I have often heard one of my favorite speakers, Vusi Thembekwayo, exclaim "Black people judge success by the car you drive. Fact". While not necessarily quantifiable, that statement certainly rings true in our townships. Hands up anyone who knows someone that drives a posh car but stays in a shabby looking place. Without counting hands, I can confidently say that most of us know people like that. If not you've seen those emails, you know, the ones with a BMW M6 parked outside a shack? For those who don't know, that's a million rand car!
That raises the question of how black people view economics in general. I mean are we mostly living beyond our means? Do we save? What about long term investments? Just a few years ago the term "black diamonds" was being thrown around like a wet towl whipping ass but it was suggested even then that it was credit that was boosting the black middle class not assets. I would go as far as to say even the seemingly rich black people we look up to are not nearly as rich as they want us to believe.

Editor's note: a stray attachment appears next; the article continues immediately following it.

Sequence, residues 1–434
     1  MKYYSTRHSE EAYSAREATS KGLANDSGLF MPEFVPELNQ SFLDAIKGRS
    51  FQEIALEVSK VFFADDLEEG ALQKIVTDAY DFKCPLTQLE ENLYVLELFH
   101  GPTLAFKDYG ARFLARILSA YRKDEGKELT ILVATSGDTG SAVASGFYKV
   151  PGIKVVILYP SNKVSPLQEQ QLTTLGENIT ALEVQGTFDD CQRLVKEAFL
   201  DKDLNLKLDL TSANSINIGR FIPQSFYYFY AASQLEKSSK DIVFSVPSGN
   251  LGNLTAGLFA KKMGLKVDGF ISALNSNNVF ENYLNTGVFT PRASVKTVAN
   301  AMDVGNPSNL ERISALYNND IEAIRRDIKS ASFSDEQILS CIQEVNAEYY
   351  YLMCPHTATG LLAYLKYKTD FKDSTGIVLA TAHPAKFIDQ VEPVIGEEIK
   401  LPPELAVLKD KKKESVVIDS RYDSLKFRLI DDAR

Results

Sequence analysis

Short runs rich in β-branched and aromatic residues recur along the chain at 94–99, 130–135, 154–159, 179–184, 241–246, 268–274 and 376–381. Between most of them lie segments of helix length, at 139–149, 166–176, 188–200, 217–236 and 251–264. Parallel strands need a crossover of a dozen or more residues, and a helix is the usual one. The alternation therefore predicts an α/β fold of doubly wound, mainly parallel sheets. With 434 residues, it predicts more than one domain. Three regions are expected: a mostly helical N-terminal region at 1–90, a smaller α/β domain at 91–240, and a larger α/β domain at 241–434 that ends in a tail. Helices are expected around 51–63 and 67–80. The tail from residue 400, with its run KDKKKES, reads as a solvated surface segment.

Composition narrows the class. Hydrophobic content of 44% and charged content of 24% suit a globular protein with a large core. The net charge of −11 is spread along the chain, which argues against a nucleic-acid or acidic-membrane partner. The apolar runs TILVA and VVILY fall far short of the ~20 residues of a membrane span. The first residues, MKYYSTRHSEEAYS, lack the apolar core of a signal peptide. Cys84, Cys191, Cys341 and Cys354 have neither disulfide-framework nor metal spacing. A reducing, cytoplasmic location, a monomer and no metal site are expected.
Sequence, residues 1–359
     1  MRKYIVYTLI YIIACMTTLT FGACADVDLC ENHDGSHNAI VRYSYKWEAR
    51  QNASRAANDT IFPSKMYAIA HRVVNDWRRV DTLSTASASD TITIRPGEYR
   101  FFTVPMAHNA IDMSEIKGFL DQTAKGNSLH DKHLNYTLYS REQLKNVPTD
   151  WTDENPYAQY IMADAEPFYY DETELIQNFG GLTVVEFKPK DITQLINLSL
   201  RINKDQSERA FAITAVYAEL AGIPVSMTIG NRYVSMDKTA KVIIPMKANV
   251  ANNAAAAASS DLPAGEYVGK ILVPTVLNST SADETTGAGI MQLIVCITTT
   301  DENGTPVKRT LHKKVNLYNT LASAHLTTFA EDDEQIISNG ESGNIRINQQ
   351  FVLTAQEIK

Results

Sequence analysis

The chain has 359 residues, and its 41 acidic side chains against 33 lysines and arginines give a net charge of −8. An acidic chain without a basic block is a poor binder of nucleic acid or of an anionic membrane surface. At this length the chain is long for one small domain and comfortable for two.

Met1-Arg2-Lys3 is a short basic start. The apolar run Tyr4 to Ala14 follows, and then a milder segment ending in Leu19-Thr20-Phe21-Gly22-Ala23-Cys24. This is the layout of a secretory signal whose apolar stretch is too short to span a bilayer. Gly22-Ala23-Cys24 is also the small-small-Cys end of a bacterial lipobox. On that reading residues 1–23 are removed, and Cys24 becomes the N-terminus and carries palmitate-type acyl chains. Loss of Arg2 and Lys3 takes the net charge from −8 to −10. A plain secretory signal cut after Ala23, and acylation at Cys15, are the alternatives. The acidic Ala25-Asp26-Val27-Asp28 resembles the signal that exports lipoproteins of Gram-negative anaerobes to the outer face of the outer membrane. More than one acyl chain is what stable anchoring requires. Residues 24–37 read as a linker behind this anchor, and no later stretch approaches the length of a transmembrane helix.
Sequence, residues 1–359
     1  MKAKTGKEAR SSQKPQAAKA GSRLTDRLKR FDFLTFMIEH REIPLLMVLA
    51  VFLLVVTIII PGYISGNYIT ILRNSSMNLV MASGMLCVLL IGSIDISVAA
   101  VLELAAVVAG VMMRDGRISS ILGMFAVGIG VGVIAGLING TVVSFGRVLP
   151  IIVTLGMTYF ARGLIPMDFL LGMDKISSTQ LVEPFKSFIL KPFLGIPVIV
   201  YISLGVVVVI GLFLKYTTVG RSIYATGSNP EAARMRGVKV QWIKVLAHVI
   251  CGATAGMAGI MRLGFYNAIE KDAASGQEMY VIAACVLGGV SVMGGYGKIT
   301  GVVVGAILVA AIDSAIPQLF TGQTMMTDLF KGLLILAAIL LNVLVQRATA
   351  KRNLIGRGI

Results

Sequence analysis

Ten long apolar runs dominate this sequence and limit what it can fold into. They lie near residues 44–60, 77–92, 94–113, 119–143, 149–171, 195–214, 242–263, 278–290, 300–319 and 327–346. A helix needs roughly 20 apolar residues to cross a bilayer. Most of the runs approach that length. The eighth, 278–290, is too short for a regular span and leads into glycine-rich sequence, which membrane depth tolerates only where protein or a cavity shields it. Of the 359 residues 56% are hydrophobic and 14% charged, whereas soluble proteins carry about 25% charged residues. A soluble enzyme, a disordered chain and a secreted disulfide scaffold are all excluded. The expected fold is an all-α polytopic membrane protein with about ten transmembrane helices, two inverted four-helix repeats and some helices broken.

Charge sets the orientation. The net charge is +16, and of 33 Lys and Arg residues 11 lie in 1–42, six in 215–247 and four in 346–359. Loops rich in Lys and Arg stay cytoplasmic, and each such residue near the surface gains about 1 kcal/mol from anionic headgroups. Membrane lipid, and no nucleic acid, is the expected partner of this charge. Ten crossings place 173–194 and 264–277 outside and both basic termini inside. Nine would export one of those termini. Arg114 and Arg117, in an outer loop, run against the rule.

I am not saying this to undermine their achievements but rather to highlight our preoccupation with seeming to be wealthy rather than just being patient, making that money and really living it up. I noticed a tweet by DJ Sbu yesterday that suggested that a list of the ten wealthiest people showed that entrepreneurship was the answer. We are not quite there yet but I do believe entrepreneurship holds the key. Yes, our wealthiest people mostly come from privileged backgrounds or old money for example the Murdochs and Oppenheimers of this world but you also have such enterprising individuals as Patrice Motsepe. The point however is not to encourage everyone to want to be wealthy after all it is not the only measure of success, rather my point is to encourage black people to re-evaluate our lives, priorities and the paths we chose because this will be crucial for the next generations.
Photographer: George Gladwin Matsheke